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Gnosticism

Gnosticism (nŏsˈtĭsĭzəm) [key], dualistic religious and philosophical movement of the late Hellenistic and early Christian eras. The term designates a wide assortment of sects, numerous by the 2d cent. A.D.; they all promised salvation through an occult knowledge that they claimed was revealed to them alone. Scholars trace these salvation religions back to such diverse sources as Jewish mysticism, Hellenistic mystery cults, Iranian religious dualism (see Zoroastrianism), and Babylonian and Egyptian mythology. The definition of gnosis [knowledge] as concern with the Eternal was already present in earlier Greek philosophy, although its connection with the later Gnostic movement is distant at best. Christian ideas were quickly incorporated into these syncretistic systems, and by the 2d cent. the largest of them, organized by Valentinus and Basilides, were a significant rival to Christianity. Much of early Christian doctrine was formulated in reaction to this movement.

Until the discovery at Nag Hammadi in Egypt of key Manichaean (1930) and Coptic Gnostic (c.1945) papyri, knowledge of Gnosticism depended on Christian sources, notably St. Irenaeus, St. Hippolytus, Tertullian, and Clement of Alexandria. Among principal Gnostic writings are the Valentinian documents Pistis-Sophia and the Gospel of Truth (perhaps by Valentinus himself). Important too is the literature of the Mandaeans in modern Iraq, who are the only Gnostic sect extant. Gnostic elements are found in the Acts of Thomas, the Odes of Solomon, and other wisdom literature of the pseudepigrapha.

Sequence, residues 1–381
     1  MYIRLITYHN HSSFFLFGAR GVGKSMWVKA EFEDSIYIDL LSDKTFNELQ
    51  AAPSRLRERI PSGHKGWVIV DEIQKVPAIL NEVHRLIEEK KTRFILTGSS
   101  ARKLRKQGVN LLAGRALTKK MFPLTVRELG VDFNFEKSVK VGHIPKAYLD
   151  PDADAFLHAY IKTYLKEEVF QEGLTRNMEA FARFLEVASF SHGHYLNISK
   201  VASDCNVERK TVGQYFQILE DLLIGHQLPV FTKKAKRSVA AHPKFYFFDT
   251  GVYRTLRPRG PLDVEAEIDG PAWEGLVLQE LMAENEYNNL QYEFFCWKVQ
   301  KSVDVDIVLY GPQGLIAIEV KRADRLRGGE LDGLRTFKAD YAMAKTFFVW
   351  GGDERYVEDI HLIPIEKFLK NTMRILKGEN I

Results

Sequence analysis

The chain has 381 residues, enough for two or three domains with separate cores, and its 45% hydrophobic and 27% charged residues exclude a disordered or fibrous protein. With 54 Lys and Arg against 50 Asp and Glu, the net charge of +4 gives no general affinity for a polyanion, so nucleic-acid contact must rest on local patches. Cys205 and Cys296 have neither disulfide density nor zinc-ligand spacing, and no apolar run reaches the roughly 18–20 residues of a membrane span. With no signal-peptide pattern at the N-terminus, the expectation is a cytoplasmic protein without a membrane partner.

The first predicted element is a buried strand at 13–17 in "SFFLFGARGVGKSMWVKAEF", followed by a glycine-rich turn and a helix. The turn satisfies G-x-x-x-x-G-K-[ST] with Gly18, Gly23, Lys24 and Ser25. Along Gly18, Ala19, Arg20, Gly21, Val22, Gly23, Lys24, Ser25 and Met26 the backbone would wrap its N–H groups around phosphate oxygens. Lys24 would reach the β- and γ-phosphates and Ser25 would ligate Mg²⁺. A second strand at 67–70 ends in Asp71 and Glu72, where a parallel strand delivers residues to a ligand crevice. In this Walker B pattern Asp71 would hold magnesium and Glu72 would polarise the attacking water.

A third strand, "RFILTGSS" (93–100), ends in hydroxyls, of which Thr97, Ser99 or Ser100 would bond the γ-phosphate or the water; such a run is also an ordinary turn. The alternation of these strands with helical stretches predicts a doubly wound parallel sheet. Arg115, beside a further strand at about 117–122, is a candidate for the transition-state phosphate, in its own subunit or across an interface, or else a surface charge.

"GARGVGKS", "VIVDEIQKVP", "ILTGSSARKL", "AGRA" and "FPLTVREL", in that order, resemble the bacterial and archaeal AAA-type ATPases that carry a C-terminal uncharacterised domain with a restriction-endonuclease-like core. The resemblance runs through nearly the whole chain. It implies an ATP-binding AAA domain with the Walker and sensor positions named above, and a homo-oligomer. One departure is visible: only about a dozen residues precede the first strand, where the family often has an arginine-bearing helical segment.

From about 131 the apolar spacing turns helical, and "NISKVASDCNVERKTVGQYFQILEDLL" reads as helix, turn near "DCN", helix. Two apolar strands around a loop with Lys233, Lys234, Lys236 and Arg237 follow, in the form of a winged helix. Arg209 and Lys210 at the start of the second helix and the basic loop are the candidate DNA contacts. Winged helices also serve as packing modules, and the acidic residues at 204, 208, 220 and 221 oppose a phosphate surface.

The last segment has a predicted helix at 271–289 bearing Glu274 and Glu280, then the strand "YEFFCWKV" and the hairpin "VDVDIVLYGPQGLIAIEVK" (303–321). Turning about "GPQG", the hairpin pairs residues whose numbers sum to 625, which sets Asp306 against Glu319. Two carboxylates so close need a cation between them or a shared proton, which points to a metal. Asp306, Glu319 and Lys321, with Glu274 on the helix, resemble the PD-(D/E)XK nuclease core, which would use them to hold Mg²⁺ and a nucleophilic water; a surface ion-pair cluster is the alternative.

Some Gnostics taught that the world is ruled by evil archons, among them the deity of the Old Testament, who hold captive the spirit of humanity. The heavenly pleroma was the center of the divine life, and Jesus was interpreted as an intermediary eternal being, or aeon, sent from the pleroma to restore the lost knowledge of humanity's divine origin. Gnostics held secret formulas, which they believed would free them at death from the evil archons and restore them to their heavenly abode. See Valentinus for typical Gnostic teaching on the pleroma.

Gnosticism held that human beings consist of flesh, soul, and spirit (the divine spark), and that humanity is divided into classes representing each of these elements. The purely corporeal (hylic) lacked spirit and could never be saved; the Gnostics proper (pneumatic) bore knowingly the divine spark and their salvation was certain; and those, like the Christians, who stood in between (psychic), might attain a lesser salvation through faith. Such a doctrine may have inspired extreme asceticism (as in the Valentinian school) or extreme licentiousness (as in the sect of Caprocrates and the Ophites). The influence of Gnosticism on the later development of the Jewish kabbalah and heterodox Islamic sects such as the Ismailis is much debated.

See H. Jonas, Gnostic Religion (rev. ed. 1964); R. Haardt, Gnosis: Character and Testimony (1971); E. H. Pagels, The Gnostic Gospels (1979); M. W. Meyer, The Secret Teachings of Jesus (1984); B. Layton, The Gnostic Scriptures (1987); J. M. Robinson and R. Smith, The Nag Hammadi Library (1988); H.-J. Klimkeit, tr., Gnosis on the Silk Road: Gnostic Texts from Central Asia (1993).

The Columbia Electronic Encyclopedia, 6th ed. Copyright © 2012, Columbia University Press. All rights reserved.

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